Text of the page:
The present position
The naturist village is also becoming a hotspot for swingers and libertines, with sex-shops and swinger clubs. The swingers are also active on the naturist beaches, which makes numerous naturist tourists change destination to another truly family naturist resort.
The naturist village has rules requiring nudity as the norm, which ban photography, the wearing of provocative clothing and the display of indecent items. Signs on the beach in 2008 warned against lewd behaviour. There are clubs and smaller venues including shops and bars. The nightlife centres on clubs and venues. Many open only at certain times of the year. On 23 November 2008 the British newspaper The Sunday Times suggested fires at three swinger clubs were the work of hardline naturists or 'nudist mullahs' who oppose the echangistes or libertines.
In 2009, René Oltra, the company which bears the name of the original promoter of the resort, required visitors to its campsite and villas and flats which it lets to belong to a naturist organisation. However, because of abuses the Cap d'Agde is no longer agreed or supported by the Fédération Française de Naturisme.
In December 2009 the local authority proposed to renovate making the village almost traffic-free constructing tree-lined walkways and promenades, a high-level promenade by the beach, and a hotel. Work was to start in early 2012. Other plans included the renovation of buildings and the construction of new façades.
The naturist village creates employment and revenue in a region of France less affluent than others. It creates income for the local authority through property taxes and admission prices.
In September 2020, during the COVID-19 pandemic it was reported that a testing station outside the village found 30% of 800 naturists tested positive for COVID-19. Under normal circumstances at the time—much reduced during the pandemic–the village itself held 10,000 campsite pitches and 15,000 beds, a population density seven times greater than nearby Montpellier.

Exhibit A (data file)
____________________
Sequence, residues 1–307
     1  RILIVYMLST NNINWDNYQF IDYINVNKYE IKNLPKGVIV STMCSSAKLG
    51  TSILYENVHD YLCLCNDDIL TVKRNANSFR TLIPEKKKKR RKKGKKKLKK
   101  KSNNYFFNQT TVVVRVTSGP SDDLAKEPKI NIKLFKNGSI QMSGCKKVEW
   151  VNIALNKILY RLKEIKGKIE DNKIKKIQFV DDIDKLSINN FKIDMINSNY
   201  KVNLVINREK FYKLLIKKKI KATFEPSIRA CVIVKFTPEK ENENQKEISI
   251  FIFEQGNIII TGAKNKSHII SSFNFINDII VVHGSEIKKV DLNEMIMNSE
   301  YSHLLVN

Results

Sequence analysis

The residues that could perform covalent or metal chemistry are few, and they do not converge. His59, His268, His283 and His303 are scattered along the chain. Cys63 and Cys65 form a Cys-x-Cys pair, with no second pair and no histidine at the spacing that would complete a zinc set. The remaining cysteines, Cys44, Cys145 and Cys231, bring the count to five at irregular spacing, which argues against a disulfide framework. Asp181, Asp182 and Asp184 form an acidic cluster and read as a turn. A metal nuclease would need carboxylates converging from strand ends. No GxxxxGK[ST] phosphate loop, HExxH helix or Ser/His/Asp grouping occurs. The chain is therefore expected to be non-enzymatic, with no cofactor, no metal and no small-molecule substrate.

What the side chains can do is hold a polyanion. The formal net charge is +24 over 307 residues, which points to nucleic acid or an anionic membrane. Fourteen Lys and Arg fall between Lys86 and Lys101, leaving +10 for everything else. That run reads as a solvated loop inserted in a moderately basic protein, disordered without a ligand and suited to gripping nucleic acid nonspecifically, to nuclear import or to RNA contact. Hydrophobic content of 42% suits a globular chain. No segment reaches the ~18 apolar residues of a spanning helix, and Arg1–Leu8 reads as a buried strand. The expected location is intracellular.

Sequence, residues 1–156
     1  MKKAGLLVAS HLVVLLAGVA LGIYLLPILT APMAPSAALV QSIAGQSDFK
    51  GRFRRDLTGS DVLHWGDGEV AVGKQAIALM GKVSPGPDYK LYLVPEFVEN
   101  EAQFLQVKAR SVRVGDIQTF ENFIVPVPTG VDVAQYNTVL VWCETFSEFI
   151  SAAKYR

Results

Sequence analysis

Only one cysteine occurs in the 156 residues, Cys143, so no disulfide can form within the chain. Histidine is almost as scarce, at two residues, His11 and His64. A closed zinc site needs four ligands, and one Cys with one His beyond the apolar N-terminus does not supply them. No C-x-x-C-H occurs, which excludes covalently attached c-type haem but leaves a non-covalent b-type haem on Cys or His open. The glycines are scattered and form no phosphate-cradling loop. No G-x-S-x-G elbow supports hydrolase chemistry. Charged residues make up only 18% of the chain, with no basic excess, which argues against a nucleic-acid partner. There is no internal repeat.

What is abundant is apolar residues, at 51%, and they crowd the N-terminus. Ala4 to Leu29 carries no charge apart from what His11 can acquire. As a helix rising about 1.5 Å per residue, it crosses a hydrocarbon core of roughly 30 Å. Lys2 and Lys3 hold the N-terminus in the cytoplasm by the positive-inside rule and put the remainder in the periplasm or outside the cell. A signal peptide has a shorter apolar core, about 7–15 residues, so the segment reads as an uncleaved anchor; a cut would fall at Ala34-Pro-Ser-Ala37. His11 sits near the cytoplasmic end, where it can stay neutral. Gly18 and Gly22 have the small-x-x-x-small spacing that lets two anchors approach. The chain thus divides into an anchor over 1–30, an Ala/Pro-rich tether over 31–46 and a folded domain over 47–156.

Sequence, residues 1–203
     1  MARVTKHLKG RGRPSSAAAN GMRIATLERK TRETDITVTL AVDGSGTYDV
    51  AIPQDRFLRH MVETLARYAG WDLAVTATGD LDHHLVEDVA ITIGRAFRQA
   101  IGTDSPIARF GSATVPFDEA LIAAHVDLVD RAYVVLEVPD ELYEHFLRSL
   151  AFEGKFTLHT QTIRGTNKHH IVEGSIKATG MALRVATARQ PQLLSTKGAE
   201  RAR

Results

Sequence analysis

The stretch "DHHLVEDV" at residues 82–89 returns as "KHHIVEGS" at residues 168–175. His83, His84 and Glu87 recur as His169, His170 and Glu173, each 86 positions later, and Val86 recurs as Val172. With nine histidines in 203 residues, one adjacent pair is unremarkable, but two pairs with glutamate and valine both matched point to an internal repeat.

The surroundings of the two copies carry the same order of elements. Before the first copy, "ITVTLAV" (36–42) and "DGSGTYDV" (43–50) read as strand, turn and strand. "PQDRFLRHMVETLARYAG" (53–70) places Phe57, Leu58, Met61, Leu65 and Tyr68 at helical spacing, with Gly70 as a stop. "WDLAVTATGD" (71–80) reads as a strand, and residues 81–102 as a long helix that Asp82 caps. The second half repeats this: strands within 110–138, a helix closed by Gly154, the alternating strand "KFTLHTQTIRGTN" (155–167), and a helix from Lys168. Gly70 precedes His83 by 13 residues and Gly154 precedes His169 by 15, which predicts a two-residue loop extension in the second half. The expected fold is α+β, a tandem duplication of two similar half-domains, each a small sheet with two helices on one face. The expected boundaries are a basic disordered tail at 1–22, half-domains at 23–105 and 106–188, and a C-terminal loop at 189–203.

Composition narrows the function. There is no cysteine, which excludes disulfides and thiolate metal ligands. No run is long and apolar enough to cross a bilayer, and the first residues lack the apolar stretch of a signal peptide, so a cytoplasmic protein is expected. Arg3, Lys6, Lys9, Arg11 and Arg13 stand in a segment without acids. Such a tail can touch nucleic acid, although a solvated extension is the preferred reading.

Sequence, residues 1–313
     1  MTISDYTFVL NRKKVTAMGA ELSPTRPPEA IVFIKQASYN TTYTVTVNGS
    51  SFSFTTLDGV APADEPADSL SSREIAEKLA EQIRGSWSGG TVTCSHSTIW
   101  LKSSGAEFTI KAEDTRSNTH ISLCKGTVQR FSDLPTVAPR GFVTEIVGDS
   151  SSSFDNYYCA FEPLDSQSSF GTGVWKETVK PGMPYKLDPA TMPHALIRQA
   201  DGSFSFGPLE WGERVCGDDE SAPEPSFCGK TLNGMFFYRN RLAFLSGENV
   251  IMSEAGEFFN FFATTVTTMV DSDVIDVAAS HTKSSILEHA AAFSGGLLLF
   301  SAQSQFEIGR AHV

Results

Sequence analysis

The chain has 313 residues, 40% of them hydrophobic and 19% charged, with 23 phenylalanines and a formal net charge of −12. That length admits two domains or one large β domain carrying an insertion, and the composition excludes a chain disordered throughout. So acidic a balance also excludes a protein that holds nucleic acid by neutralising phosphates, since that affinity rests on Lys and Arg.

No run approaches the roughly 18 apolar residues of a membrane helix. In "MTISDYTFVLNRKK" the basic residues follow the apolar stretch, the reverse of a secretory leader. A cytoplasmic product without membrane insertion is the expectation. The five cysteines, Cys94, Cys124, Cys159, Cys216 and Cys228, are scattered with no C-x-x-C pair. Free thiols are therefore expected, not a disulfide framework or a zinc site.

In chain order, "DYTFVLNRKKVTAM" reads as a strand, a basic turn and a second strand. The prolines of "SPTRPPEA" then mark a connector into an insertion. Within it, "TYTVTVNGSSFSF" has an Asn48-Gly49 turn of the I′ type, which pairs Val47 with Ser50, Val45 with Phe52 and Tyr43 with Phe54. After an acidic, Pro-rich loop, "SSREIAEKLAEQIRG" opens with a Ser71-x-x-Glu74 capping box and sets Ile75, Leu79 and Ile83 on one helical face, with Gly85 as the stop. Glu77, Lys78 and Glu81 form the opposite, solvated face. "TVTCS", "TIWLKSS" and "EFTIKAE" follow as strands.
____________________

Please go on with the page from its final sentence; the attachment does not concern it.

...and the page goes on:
The naturist beach
The naturist beach (where nudity is technically mandatory) has a length of about 2 kilometres (1 mile) and is about 30 metres (100 feet) wide. Sand and water are of good quality and between 16 to 22 °C (61 to 72 °F). Two security posts feature police and medical facilities. Lifeguards are on duty at several stations, during most of the day. Six restaurants border the southern end of the nude beach. Only one restaurant is available towards the northern end. Even though Cap d'Agde is in France, most of the service staff speak English.
The marina has about 60 places for boats up to 17 metres (56 ft) and a large boat yard.
Notes and references
- Hoad, Phil (27 August 2015). "Welcome to the naked city: sun, swingers and very little shoplifting". The Guardian. Retrieved 2015-09-14. CS1 maint: discouraged parameter (link)
- DENESTEBE, Florence (16 September 2010). "Quartier Naturiste du Cap d'Agde: Parlons en sans tabou!" [Cap d'Agde Naturist Quarter: Let's talk without taboo]. Hérault Tribune (in French). Retrieved 2015-08-27. CS1 maint: discouraged parameter (link)
- Beaugé, Marc; Delmas, Gino (29 July 2012). "Les Inrocks - Baie des cochons: bienvenue sur la plage libertine du Cap-d'Agde" [Bay of Pigs: welcome to the libertine beach of Cap d'Agde]. Les Inrocks (in French). Retrieved 2015-08-27. CS1 maint: discouraged parameter (link)
- "Das ist eine autonome Nacktwelt" [This is an autonomous nude world]. Süddeutsche Zeitung (in German). 5 September 2010. Retrieved 2019-03-29.
- "The nudists spreading coronavirus in a French resort". BBC News. 2 September 2020.
|Wikimedia Commons has media related to Cap d'Agde.|
- Official website
- Official brochure
- Cap d'Agde UK fans page
- Club Helios
- Peng Travel's Cap d'Agde Site
- An excerpt from The Naked Truth About Cap d'Agde